Because It’s Traditional
My name’s Vivian Harrison and I have my mother’s Indian name, StuYat. I was born right here on the Yakama Reservation at Harrah, my uncle’s house at a place called Charlie’s Pond.My mother’s mother was from the Palouse Band over towards Idaho on the Snake River.My mother’sfather is from Spearfish, the WishramBand. My father is from the White Swan area, Yakama.So I’m completely Plateau and I was born in 1945.
My mother was a weaver and a bead worker and she was very proficient with taking care of salmon in every way. By that I mean cleaning it, cutting it, drying it and preparing it in other ways.That’s a mainstay of our diet on the Columbia River and that was where I grew up.
My youngest days was at Spearfish, Washington or at Celilo Falls.That’s where we were in the spring until mid-summer.That’s all she did during that time was take care of salmon.Then in the winter she did the weaving and the beadwork.So I grew up watching her.She had made fully beaded outfits for my sister and I and when we went to the mountains we had huckleberry baskets that she made.When we went root digging we had root digging bags that she made herself that we used, the family used.On all these, this was our everyday life when I was young.
I began making tule bags or baskets about two years ago.The first one I made was about a cup and a half big and that was just learning how to manipulate and weave with tule, which is a fairly fragile plant once it dries.It has to be damp when it’s woven.
I saw a tule basket in the Yakama Nation Museum Archives and it’s small.I saw one at the Smithsonian Museum in Washington D.C. and that was about the same size.This tule basket was described in Lewis and Clark’s journals as being two feet tall and one foot across and it was filled with “ch’lay”, which is salmon that’s been dried and pounded to a powder.Itkeeps for weeks and weeks in that form because of the oils that are naturally in salmon.
These were disposable bags and the women made them to store, to pack ch’lay in.They put the skins of salmon on the inside-lined the bottom and the sides-then packed the ch’lay in there until it was full, and then covered the top with salmon skins.In this form it was ready to be traded.There was a lot of trading of salmon on the Columbia River.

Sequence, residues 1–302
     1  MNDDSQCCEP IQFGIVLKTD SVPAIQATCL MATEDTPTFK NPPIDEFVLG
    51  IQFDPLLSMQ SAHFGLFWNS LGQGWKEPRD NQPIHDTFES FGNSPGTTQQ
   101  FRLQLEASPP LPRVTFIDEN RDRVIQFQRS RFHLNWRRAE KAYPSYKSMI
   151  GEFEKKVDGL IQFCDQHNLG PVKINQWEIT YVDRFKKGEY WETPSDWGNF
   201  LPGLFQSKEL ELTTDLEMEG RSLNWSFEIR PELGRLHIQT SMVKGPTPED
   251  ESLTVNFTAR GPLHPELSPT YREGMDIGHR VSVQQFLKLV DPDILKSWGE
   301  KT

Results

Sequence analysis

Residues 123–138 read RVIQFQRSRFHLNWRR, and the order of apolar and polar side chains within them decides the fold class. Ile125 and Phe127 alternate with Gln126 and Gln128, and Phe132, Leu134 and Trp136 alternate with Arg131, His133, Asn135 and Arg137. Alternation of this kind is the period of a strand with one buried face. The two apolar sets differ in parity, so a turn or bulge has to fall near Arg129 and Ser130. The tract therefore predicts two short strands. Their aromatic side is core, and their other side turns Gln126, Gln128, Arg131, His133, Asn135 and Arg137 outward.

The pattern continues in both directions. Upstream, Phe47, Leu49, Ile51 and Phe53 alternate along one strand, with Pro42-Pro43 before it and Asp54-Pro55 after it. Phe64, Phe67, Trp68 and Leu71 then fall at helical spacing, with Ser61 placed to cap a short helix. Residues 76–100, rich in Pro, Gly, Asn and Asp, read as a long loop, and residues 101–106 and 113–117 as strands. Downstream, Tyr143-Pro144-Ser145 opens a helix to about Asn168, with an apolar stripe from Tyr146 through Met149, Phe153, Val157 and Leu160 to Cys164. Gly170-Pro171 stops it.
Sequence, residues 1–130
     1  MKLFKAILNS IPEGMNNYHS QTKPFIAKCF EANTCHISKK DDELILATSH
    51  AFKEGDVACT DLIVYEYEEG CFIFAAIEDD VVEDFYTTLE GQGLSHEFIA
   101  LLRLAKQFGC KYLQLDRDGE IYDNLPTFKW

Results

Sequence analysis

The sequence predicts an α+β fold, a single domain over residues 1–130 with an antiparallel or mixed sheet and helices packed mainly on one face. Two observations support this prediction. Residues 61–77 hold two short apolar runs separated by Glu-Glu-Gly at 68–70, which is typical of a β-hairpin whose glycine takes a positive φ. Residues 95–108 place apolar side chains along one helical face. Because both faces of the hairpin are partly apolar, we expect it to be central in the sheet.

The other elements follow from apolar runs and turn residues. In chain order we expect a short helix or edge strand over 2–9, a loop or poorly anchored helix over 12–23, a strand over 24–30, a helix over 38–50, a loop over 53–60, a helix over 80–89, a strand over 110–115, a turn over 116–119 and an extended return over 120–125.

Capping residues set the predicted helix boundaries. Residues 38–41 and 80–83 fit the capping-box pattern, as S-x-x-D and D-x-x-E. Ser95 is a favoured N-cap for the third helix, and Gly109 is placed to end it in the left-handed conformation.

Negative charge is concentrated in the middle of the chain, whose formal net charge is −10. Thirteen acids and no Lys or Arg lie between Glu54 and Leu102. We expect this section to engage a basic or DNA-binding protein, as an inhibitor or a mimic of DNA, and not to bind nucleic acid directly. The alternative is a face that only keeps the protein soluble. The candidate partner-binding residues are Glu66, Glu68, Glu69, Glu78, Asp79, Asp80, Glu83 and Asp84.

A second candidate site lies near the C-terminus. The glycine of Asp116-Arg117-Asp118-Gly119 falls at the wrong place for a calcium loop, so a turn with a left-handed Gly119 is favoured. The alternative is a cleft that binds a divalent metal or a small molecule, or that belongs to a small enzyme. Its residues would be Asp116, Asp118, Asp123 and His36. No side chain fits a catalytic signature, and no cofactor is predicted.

Tules grow in the marsh area, marshy land, wetland.It’s harvestable from end of May until September.
What the women used long ago was to weave with is hemp twine.Hemp twine grows just in this area-the Plateau east of the Cascades. There’s certain areas that the hemp plant will grow, which is in moist, moist land, not like the tule, which is wetland.Depending on where the hemp grows how the tall the plants get.The taller the plants, sometimes it’s better.Some tall plants are too dry and the fiber won’t break away from the plant as well.Certain places where the hemp plants grow is ideal for making twine.
My teacher was Helen Jim. When I first moved back to the Yakama Reservation and she taught me in about 1992.She ah, learned when she was very young and then set it aside.Then began weaving it once more in the seventies I believe.I’m not really sure.I didn’t ask her what, when she restarted.She makes the basket hats, the “patl’aapa”.That’s what we call those type of basket hats.
She taught me first how to make the root digging bags.They’re called “wapaas”and we used commercial material to show me how to do that.Today I teach other people.